Almost five centuries as a Portuguese colony came to a close with independence in 1975. Large-scale emigration, economic dependence on South Africa, a severe drought, and a prolonged civil war hindered the country's development until the mid-1990s. The ruling Front for the Liberation of Mozambique (FRELIMO) party formally abandoned Marxism in 1989, and a new constitution the following year provided for multiparty elections and a free market economy. A UN-negotiated peace agreement between FRELIMO and rebel Mozambique National Resistance (RENAMO) forces ended the fighting in 1992. In 2004, Mozambique underwent a delicate transition as Joaquim CHISSANO stepped down after 18 years in office. His elected successor, Armando GUEBUZA, served two terms and then passed executive power to Filipe NYUSI in 2014. RENAMO’s residual armed forces have continued to engage in a low-level insurgency since 2012.
Southeastern Africa, bordering the Mozambique Channel, between South Africa and Tanzania
coal, titanium, natural gas, hydropower, tantalum, graphite
Population - distribution
three large populations clusters are found along the southern coast between Maputo and Inhambane, in the central area between Beira and Chimoio along the Zambezi River, and in and around the northern cities of Nampula, Cidade de Nacala, and Pemba; the northwest and southwest are the least populated areas
Emakhuwa 25.3%, Portuguese (official) 10.7%, Xichangana 10.3%, Cisena 7.5%, Elomwe 7%, Echuwabo 5.1%, other Mozambican languages 30.1%, other 0.3%, unspecified 3.7% (2007 est.)
MAPUTO (capital) 1.187 million; Matola 937,000 (2015)
- Conventional long form
- Republic of Mozambique
- Conventional short form
- Local long form
- Republica de Mocambique
- Local short form
- Geographic coordinates
- 25 57 S, 32 35 E
- Time difference
- UTC+2 (7 hours ahead of Washington, DC, during Standard Time)
has not submitted an ICJ jurisdiction declaration; non-party state to the ICCt
At independence in 1975, Mozambique was one of the world's poorest countries. Socialist policies, economic mismanagement, and a brutal civil war from 1977 to 1992 further impoverished the country. In 1987, the government embarked on a series of macroeconomic reforms designed to stabilize the economy. These steps, combined with donor assistance and with political stability since the multi-party elections in 1994, propelled the country’s GDP from $4 billion in 1993, following the war, to about $35 billion in 2016. Fiscal reforms, including the introduction of a value-added tax and reform of the customs service, have improved the government's revenue collection abilities.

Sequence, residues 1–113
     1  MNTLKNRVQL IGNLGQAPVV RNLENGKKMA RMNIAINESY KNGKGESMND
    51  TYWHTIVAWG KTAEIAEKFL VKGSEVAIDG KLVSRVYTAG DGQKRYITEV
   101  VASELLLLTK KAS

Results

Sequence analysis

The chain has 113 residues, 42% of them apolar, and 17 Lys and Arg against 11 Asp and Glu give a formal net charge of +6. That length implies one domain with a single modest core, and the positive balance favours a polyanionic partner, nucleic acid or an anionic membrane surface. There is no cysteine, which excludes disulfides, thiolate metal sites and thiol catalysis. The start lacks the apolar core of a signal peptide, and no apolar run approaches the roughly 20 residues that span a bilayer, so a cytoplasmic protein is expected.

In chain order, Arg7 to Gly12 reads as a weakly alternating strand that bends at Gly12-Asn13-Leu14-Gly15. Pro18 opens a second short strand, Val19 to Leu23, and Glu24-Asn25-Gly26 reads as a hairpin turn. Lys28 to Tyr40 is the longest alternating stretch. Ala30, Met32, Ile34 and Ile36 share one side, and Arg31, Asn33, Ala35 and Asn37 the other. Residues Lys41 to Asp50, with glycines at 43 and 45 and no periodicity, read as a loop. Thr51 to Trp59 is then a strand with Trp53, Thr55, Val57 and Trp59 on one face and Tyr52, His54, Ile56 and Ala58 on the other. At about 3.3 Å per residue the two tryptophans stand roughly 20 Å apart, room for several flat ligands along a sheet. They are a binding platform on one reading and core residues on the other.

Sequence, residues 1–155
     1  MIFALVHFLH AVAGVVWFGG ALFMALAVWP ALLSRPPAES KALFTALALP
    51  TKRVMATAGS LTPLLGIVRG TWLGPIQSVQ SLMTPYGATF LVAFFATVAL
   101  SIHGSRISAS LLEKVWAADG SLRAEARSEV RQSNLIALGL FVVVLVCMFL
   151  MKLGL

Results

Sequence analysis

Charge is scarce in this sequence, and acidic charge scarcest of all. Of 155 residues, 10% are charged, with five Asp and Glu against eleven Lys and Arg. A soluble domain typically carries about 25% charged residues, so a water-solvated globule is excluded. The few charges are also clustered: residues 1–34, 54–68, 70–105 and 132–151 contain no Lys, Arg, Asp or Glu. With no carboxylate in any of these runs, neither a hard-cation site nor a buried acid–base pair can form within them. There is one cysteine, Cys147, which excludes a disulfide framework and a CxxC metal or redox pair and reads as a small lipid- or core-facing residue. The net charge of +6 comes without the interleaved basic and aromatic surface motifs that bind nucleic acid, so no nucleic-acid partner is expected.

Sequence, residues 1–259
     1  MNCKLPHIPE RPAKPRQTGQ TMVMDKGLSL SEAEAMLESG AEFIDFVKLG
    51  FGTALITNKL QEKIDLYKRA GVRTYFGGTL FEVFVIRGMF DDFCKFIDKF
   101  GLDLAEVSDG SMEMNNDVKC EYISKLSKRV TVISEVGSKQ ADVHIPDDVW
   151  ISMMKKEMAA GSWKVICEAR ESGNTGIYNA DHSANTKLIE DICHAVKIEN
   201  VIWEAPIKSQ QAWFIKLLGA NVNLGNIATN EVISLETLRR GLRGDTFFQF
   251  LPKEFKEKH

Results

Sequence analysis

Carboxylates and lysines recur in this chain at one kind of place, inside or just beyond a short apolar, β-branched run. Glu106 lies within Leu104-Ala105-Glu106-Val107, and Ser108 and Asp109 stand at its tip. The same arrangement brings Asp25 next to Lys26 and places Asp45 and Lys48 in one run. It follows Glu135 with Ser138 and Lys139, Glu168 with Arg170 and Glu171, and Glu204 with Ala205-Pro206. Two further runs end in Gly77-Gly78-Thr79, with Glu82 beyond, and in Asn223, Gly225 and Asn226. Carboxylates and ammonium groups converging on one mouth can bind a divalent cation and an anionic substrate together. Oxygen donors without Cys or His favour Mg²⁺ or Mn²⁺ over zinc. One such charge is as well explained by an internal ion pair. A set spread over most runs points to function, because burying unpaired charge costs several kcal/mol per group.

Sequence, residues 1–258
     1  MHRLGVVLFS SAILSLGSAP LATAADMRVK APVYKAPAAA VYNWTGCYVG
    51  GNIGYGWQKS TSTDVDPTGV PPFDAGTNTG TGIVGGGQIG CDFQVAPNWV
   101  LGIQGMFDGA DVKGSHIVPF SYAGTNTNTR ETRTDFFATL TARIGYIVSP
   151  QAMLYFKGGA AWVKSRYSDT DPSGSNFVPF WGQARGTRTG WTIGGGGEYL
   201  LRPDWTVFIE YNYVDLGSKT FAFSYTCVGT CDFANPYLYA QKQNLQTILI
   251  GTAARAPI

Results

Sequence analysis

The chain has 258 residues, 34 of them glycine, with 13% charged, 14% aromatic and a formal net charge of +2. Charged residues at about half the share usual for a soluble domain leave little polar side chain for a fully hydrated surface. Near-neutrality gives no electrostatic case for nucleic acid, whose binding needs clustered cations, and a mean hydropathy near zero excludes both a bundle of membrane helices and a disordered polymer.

- External debt stocks
- US$ 10,055,525,000
- Total tax rate (% of commercial profits)
- Real Interest Rate
- Manufacturing, value added (% of GDP)
- Current Account Balance
- US$ -5,832,977,837
- Labor Force, Total
- Employment in Agriculture
- Employment in Industry
- Employment in Services
- Unemployment Rate
- Imports of goods and services
- US$ 8,498,235,560
- Exports of goods and services
- US$ 3,828,497,482
- Total Merchandise Trade
- FDI, net inflows
- US$ 3,868,353,885
- Commercial Service Exports
- US$ 722,620,716
cotton, cashew nuts, sugarcane, tea, cassava (manioc, tapioca), corn, coconuts, sisal, citrus and tropical fruits, potatoes, sunflowers; beef, poultry
aluminum, petroleum products, chemicals (fertilizer, soap, paints), textiles, cement, glass, asbestos, tobacco, food, beverages
- aluminum, prawns, cashews, cotton, sugar, citrus, timber; bulk electricity
- South Africa 21.2%, China 10.6%, Italy 9.4%, India 8.8%, Belgium 8.2%, Spain 4.6% (2015)
- machinery and equipment, vehicles, fuel, chemicals, metal products, foodstuffs, textiles
- South Africa 23.6%, China 19.7%, India 14.2%, Portugal 4% (2015)
- Country Risk Rating
- The highest-risk political and economic situation and the most difficult business environment. Corporate default is likely.
- Business Climate Rating
- The business environment is very difficult. Corporate financial information is rarely available and when available usually unreliable. The legal system makes debt collection very unpredictable. The institutional framework has very serious weaknesses. Intercompany transactions can thus be very difficult to manage in the highly risky environments rated D.
- Enviable geographic location: long coastline, proximity to the South African market
- Considerable mineral (coal), agricultural and hydroelectric wealth